4-Digit 7-segment LED Display Arduino Demo

 

The 4-Digit 7-Segment Display is a self-contained module containing four 7-segment LED numeric displays.  This demo, supporting the 2013 National microMedic Contest kits, uses the display with the Board of Education Shield for Arduino. 

Each segment in the display is multiplexed, meaning it shares the same anode (positive) connection points, labeled a through g. This reduces the wiring required  when developing projects that need multiple digit displays.

Each of the four digits in the module use their own common cathode (negative) connection point. This allows each digit to be turned on or off independently.

 

 

 

 

The LED segments of this display require a current-limiting resistor when powered from a 5 V logic pin. The following figure demonstrates the basic concept behind using a current-limiting resistor. The value of the resistor is typically between 330 and 560 ohms; the higher the value, the more the current that is limited, and the less bright the LED segments.

 

 

Connections

 

 

To connect the 4-digit 7-segment display to the Arduino Shield, attach the three leads of the device as shown in the figure. Note the use of additional components not included in the microMedic kit.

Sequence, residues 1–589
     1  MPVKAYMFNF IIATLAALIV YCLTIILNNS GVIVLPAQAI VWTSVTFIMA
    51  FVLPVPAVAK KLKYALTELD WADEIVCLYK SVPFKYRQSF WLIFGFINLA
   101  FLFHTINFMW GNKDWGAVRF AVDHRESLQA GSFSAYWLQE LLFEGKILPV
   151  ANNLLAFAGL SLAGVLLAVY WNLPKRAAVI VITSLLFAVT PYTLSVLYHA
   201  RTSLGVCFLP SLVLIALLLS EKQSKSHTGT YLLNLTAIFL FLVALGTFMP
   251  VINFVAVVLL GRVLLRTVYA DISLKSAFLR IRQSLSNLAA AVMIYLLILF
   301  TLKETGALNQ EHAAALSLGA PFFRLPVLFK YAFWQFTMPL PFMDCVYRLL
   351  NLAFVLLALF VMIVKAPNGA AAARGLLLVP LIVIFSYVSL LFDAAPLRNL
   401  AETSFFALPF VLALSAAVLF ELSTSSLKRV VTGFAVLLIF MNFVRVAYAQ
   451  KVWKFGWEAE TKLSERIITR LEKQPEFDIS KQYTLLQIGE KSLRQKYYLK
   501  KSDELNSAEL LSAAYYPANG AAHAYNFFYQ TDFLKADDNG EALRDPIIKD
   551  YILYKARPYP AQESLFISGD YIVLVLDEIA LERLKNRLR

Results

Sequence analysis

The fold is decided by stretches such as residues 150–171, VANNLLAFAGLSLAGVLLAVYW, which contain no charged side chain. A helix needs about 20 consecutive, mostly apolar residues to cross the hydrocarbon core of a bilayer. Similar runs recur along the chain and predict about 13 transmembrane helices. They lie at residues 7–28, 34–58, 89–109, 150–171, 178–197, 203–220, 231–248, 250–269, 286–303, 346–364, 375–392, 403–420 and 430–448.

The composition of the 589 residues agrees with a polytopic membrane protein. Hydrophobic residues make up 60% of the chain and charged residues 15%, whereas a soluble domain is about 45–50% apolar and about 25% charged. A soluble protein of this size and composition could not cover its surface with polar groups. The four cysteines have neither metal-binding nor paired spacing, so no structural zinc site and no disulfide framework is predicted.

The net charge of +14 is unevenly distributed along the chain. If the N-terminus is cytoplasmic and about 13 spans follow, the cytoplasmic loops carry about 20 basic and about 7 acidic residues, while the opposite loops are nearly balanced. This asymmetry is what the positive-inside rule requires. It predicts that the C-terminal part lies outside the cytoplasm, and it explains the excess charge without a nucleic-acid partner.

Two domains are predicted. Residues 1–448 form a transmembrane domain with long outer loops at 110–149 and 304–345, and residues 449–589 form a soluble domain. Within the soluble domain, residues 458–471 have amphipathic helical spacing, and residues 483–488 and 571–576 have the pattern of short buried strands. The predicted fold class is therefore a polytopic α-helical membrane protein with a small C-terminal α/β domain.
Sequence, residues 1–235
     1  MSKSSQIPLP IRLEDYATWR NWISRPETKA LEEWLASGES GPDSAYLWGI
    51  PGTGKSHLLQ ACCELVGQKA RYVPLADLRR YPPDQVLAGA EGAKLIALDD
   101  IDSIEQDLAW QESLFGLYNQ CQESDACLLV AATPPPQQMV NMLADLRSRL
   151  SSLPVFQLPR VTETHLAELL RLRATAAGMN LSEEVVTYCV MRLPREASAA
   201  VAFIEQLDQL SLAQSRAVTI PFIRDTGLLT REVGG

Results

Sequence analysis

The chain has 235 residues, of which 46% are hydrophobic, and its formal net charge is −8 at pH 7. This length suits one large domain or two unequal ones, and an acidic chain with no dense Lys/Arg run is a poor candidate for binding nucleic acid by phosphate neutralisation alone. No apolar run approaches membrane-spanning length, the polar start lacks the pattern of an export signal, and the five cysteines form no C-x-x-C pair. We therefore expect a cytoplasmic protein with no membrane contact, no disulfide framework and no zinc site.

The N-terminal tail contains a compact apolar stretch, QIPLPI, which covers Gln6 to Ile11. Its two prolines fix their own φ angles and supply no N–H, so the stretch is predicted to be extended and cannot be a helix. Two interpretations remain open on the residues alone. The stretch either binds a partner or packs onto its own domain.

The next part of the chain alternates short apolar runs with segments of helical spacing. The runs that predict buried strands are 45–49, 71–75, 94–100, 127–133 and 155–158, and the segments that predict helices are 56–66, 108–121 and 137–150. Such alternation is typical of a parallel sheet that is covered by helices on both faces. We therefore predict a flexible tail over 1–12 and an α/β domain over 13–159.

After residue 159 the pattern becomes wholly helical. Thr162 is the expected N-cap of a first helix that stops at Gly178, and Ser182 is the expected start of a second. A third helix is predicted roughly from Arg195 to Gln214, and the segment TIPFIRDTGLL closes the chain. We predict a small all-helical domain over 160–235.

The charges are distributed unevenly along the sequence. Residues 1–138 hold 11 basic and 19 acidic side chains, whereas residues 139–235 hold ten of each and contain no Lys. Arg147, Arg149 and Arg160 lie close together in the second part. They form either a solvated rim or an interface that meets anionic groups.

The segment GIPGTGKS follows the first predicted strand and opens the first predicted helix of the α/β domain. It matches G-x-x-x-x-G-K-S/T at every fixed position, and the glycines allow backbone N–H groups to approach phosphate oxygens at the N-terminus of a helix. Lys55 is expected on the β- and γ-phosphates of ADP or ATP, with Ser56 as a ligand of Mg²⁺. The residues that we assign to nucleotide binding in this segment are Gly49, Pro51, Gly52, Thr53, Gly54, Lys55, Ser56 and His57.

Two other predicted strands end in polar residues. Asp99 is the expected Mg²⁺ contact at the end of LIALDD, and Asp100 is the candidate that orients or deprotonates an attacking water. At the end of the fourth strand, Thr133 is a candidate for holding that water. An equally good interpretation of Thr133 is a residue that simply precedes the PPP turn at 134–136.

• Resistors R1 through R7 limit current to each of the segments of the display. Note that the decimal point connection is not used in this demonstration.
  • Transistors Q1 through Q4 provide additional driving current to the LED segments. These transistors are recommended because each pin on the Arduino can source or sink only 40 mA of current. With seven segments of the display turned on at once (the numeral 8), the current demand can exceed this limit.
  • Resistors R8 through R11 serve to limit current to the base of each transistor.

 

Programming

 

Download Arduino Demo Code

 

To use this example, upload the following sketch to your Arduino. The display updates about once every quarter second, counting up the tenths of milliseconds since the sketch was started.

This sketch requires the use of a third-party library, Multiplex7Seg. It is included in the download with the example sketch. To use this library, if it’s running exit the Arduino IDE software, and move Multiplex7Seg folder to your Arduino sketchbook libraries folder. This is typically in (My) Documents\Arduino\libraries. Restart the IDE software, then load and run the sketch.

#include <Multiplex7Seg.h>

byte digitPins[] = {9, 10, 11, 12};         // LSB to MSB
byte segmentPins[] = {2, 3, 4, 5, 6, 7, 8}; // Segment a to g
unsigned int adc;

void setup() {
  Multiplex7Seg::set(1, 4, digitPins, segmentPins);   // Initialize
  // See the example in Multiplex7Seg library for initialization parameters
}

void loop() {
  Multiplex7Seg::loadValue(millis() / 10);  // Display incrementing value
  delay(247);
}